Abstract: Applied Behavior Analysis (ABA), including clinical behavior analysis, is fundamentally a pro-social practice aimed at helping individuals by expanding their repertoires to be more meaningfully effective. However, ABA has faced criticism for lacking certain qualities of compassionate practices such as warmth and flexibility. Recently, perhaps in partial response to these criticisms, more attention is being paid to how we might foster such practices in the field. Though various definitions and descriptions of compassion have been suggested, having a concise, but comprehensive, functional definition of compassion, or compassionate behavior, would be useful in planning, executing, and training such practices effectively. This paper will provide a brief review of definitions of compassion, with particular attention to the utility of extant definitions of compassion in the behavior analytic literature. In addition, we will propose a functional definition of compassionate behavior in terms of the motivating, establishing, or augmenting functions it has for the recipient’s appetitive repertoire. Finally, we will explore implications of this working definition in terms of recommendations for evoking compassionate behavior in behavior-analytic practice, particularly when working with autistic people, their families, and their therapists. We will conclude with suggestions for further areas of research and development.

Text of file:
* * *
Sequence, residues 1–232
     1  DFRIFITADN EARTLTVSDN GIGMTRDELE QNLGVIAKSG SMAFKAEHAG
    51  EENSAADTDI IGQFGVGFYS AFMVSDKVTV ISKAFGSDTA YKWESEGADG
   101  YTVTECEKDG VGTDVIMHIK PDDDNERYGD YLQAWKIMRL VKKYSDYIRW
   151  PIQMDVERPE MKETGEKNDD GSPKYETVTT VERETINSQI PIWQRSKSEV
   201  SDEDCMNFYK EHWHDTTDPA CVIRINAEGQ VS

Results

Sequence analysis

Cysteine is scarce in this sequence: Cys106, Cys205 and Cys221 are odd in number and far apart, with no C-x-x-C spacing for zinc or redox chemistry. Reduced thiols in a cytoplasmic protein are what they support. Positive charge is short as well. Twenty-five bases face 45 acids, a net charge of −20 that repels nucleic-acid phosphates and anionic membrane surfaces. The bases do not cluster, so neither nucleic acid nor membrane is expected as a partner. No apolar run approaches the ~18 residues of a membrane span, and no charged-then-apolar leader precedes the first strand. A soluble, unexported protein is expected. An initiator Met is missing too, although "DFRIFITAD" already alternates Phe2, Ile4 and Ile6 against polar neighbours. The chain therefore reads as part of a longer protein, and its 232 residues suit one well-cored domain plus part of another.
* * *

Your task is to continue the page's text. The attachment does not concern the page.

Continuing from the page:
Trust the Process: Examining the Effects of Process-Based Note Taking on Therapist Perceptions of Alliance and Therapist Mindfulness
ABBEY WARREN (University of Louisiana at Lafayette), Emily Kennison Sandoz (University of Louisiana Lafayette)
Abstract: Psychotherapy research has identified the therapeutic alliance between client and therapist as the prototypical integrative variable of therapy due to its importance across all treatment modalities (Wolfe & Goldfried, 1988) and the degree of impact it has on therapy outcome (Jordan, 2003). While most commonly explored outside of behavior analysis, clinical behavior analytic approaches such as Acceptance and Commitment Therapy (ACT) and Functional Analytic Psychotherapy (FAP) include explicit incorporation of the therapeutic alliance as a fundamental aspect of the contingencies necessary for clinically-relevant learning. A next step in this line of research involves the identification of therapist behaviors that positively impact the development and strength of alliance. For example, the extent to which a therapist exhibits “mindful” behaviors during a therapy session predicts the strength of the alliance. Process-based approaches to therapy emphasize mindfulness and related constructs as clinical processes of change. This study employs a single-case design to monitor the use and effects of process-based note taking across a small sample of therapists. Using a multiple baseline design, effects on therapist mindfulness and therapist perceptions of alliance will be examined in comparison to a baseline phase without the use of process-based note taking. Implications for future research will be discussed.